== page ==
The Revd. Sir Henry Thompson, 3rd Baronet Thompson of Virkees (5 November 1796 – 1 July 1868) was the third son of Sir Charles Thompson, 1st Baronet, and Jane Selby. He succeeded to the baronetcy after his eldest brother the 2nd Baronet died without issue in 1826. On 26 February 1826 he married Hannah Jean Grey, third daughter of Sir George Grey, 1st Baronet, of Falloden, KCB, Commissioner at Portsmouth Dockyard, and Mary Whitbread, daughter of Samuel Whitbread. Sir George Grey was the third son of Charles Grey, 1st Earl Grey, and younger brother of Charles Grey, 2nd Earl Grey.
Sir Charles Thompson, 1st Baronet was a British naval officer. After long service in the Seven Years' War, American War of Independence and War of the First Coalition, he was Admiral John Jervis's second in command at the battle of Cape St Vincent. However, his disregard for Jervis's signal to tack to counter a Spanish attacking move nearly lost the battle, and began an enmity with Jervis that eventually led to Thompson's retirement. From 1796 to 1799 he was also MP for Monmouth.
Sir George Grey, 1st Baronet, was a British Royal Navy officer.
Samuel Whitbread was an English brewer and Member of Parliament. In 1742, he established a brewery that in 1799 became Whitbread & Co Ltd.
Sir Henry and Hannah Jean Grey had one daughter, Hannah Jane Thompson (1829–1899), born in Ryde, Isle of Wight, but his wife died shortly after childbirth. His daughter married Henry Thomas Murdoch Kirby, vicar of Mayfield, Sussex, in 1847 at Frant, Sussex. One of their twelve children was Admiral Francis George Kirby (1854–1951), Captain of HMS Phaeton.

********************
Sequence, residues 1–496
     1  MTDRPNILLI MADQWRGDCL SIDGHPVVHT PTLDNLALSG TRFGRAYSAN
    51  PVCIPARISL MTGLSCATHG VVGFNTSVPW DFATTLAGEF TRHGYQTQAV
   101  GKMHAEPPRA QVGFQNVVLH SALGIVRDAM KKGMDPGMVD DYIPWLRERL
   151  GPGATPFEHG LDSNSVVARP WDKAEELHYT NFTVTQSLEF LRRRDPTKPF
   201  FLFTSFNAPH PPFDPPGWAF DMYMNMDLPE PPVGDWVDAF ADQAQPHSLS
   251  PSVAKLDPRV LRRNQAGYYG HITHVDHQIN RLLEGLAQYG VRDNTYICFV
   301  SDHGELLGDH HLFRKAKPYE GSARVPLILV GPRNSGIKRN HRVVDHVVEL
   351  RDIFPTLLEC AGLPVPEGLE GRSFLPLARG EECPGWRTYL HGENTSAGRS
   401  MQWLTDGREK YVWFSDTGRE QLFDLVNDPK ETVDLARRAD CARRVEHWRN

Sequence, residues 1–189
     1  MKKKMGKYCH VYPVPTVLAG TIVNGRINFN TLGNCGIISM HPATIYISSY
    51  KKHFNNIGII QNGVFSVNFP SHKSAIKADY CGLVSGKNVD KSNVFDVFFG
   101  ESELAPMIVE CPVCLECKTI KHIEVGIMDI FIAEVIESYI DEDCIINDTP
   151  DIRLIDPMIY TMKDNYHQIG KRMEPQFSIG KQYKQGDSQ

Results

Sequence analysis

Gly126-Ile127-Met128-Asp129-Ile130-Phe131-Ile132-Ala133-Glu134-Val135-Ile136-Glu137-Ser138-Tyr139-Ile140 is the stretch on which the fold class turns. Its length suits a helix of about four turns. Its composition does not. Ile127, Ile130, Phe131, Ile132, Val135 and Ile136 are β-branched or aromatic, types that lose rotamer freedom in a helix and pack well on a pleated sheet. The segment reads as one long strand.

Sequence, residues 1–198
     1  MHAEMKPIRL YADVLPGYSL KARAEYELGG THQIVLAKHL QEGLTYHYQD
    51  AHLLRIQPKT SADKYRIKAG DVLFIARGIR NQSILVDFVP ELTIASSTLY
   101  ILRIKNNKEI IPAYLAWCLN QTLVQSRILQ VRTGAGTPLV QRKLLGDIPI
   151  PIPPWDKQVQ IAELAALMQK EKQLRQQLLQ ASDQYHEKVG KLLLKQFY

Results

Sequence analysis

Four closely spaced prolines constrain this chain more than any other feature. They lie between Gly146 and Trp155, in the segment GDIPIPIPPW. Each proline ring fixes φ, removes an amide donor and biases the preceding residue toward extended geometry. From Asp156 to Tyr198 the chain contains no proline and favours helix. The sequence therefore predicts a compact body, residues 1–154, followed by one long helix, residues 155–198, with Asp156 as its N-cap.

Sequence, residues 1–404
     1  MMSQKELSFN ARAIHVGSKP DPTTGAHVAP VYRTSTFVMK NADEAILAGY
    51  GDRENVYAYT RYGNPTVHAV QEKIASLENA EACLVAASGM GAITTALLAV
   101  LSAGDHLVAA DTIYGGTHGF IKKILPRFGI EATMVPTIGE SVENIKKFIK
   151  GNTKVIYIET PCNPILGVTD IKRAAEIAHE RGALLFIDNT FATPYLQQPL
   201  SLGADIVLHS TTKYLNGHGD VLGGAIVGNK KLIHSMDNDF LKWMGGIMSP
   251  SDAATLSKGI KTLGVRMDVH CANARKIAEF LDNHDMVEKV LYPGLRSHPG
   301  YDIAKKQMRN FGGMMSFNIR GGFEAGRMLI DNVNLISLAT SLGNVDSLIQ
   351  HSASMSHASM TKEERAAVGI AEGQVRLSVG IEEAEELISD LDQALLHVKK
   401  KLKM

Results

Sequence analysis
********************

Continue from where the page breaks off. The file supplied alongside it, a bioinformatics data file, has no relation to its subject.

Frant is a village and civil parish in the Wealden District of East Sussex, England, on the Kentish border about three miles (5 km) south of Royal Tunbridge Wells.
HMS Phaeton was a second class cruiser of the Leander class which served with the Royal Navy.
In October 1835, Sir Henry married Miss Emily Frances Anne Leeke, daughter of Ralph Leeke of Longford Hall, Shifnal, Shropshire, in Brighton. They had children—Frances Anna (b. 1837), Henry Charles (b. 1843), Ralph Harvey (1846–1846) and Caroline Eleanor (1848–1900).
Sir Henry was, during his life, Curate in charge at Holy Trinity Church, Bembridge, Isle of Wight; Rector of the Church of Holy Trinity, Fareham, Hampshire (the building of which had been paid for by himself and his mother, Lady Jane Thompson), and in 1845 he was given the living of Frant, Sussex, by the Earl of Abergavenny. He died in Chichester in 1868 and was buried at Holy Trinity Church, Fareham.
Holy Trinity Church, Bembridge is a parish church in the Church of England located in Bembridge, Isle of Wight.
Fareham is a market town at the north-west tip of Portsmouth Harbour, between the cities of Portsmouth and Southampton in south east Hampshire, England. It gives its name to the Borough of Fareham. It was historically an important manufacturer of bricks, used to build the Royal Albert Hall, and grower of strawberries and other seasonal fruits. Current employers include Fareham Shopping Centre, small-scale manufacturers, HMS Collingwood and the Defence Science and Technology Laboratory.
With no surviving sons, the baronetcy became extinct on his death in 1868.
|Peerage of Great Britain|
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Earl Grey is a title in the Peerage of the United Kingdom. It was created in 1806 for General Charles Grey, 1st Baron Grey. In 1801, he was given the title Baron Grey of Howick in the County of Northumberland, and in 1806 he was created Viscount Howick in the County of Northumberland, at the same time as he was given the earldom. A member of the prominent Grey family of Northumberland, Earl Grey was the third son of Sir Henry Grey, 1st Baronet of Howick.